Reading, Pennsylvania native Julia Katherine Walsh came home Memorial Day weekend to sing for a friendly gathering at Trinity Lutheran Church in downtown Reading, the perfect venue for an evening of intimate music performance.
Currently, she resides in New York and holds a master’s in music from Hunter College. However, since she was raised in Berks County and is an alumna of the Berks Classical Children’s Choir, in every respect Miss Walsh is the quintessential hometown girl-made-good. As such, her homecoming was celebrated robustly, on billboards around the county, on local television programs such as “Backstage” on bctv.org and radio shows in advance of the concert, and in the many personalized ads appearing in the event program, one of which said, “Thank you, Julia Katherine Walsh, for sharing your angelic voice with Berks County.” (From her friends at Performance Toyota–and if she doesn’t drive a Toyota, I think she should think about it.)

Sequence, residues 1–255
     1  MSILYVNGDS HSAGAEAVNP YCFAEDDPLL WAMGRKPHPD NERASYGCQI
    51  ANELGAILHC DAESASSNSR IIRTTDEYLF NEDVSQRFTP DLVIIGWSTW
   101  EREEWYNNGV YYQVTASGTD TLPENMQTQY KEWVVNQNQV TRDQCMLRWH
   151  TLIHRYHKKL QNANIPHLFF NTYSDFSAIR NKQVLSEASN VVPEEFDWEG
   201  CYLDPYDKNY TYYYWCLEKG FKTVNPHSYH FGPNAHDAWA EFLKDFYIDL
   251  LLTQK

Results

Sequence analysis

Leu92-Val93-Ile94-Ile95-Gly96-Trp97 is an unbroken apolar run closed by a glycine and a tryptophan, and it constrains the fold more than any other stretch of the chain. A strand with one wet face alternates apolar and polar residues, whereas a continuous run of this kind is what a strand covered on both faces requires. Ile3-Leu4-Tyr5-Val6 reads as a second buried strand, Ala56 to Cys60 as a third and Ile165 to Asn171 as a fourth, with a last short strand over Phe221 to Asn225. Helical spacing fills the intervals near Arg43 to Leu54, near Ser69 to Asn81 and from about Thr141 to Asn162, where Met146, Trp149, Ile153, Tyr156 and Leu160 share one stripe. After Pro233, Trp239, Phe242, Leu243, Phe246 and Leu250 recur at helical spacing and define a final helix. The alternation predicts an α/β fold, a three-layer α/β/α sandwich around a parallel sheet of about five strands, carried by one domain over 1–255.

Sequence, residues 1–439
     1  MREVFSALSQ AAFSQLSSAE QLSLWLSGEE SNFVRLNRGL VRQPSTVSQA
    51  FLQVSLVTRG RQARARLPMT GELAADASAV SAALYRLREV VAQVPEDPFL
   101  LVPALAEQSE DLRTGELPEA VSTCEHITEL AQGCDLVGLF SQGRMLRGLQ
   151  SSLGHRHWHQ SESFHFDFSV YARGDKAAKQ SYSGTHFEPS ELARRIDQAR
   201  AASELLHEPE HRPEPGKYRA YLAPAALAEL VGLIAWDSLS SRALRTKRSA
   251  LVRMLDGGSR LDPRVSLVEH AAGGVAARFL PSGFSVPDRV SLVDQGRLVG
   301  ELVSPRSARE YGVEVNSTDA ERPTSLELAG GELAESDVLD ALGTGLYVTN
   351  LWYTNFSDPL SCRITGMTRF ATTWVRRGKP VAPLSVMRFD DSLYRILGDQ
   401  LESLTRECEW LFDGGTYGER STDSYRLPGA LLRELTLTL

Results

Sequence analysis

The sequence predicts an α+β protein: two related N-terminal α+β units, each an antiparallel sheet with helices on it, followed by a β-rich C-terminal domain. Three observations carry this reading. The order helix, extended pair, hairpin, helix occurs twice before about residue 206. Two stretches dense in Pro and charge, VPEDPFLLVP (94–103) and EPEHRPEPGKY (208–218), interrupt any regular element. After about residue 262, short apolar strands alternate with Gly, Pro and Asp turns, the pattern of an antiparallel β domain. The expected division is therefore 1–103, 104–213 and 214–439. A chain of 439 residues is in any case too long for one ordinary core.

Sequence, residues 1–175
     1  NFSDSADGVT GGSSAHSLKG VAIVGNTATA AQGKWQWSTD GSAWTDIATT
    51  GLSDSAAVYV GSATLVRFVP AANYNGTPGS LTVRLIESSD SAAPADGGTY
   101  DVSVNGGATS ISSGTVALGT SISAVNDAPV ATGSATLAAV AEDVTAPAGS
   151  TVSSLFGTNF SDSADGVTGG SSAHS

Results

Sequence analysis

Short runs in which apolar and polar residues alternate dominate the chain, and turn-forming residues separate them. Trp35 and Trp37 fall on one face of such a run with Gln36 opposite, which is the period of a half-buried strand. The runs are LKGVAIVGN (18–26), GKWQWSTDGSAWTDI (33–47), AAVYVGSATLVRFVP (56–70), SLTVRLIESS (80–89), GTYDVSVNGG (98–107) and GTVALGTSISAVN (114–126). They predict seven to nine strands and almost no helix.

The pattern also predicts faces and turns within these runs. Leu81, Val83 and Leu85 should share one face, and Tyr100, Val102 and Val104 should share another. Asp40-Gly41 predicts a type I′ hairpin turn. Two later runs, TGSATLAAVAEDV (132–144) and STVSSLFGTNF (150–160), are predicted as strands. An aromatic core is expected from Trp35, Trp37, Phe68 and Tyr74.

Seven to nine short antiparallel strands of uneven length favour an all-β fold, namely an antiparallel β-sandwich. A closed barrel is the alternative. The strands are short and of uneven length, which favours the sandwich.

Indeed, her recital called “A Celebration of Song,” was something to celebrate. Well planned, well performed, very warmly received.
As far as classical music goes, I prefer a program that stretches me as an audience member and doesn’t indulge all my musical whims. Sure, a recital can contain a potboiler or two, but how much richer will the concert experience be if it introduces you to a new piece of music or several? Miss Walsh’s selections included some accessible pieces such as “America the Beautiful”–it was Memorial Day weekend after all–and “Caro nome” from Rigoletto. However, it also included four lesser known Baroque pieces by Handel, four Lieder by Richard Strauss, and a piece totally unfamiliar to me as a musical work, James Agee’s “Knoxville: Summer of 1915” set to music by Samuel Barber, which turned out to be my favorite selection in the concert because of Miss Walsh’s performance of it.
Her particular gifts for interpreting Mozart, German Lieder, and operas centered on American Realism were well showcased in this program. She sings with intelligence and sensitivity. She has a strong, agile voice with a crystal clear ring to it, pleasing like a shiny silver bell–a tone I happen to be partial to. Her voice seemed to suit her. She is petite and effervescent and somehow, a dark, dramatic timbre would not have been nearly as fitting a vocal quality based on her stature and personality.
In addition, she showcased her voice to its full potential, including skill with coloratura, and most impressively, a knack for selecting pieces well-suited to her particular blend of singing and acting talents.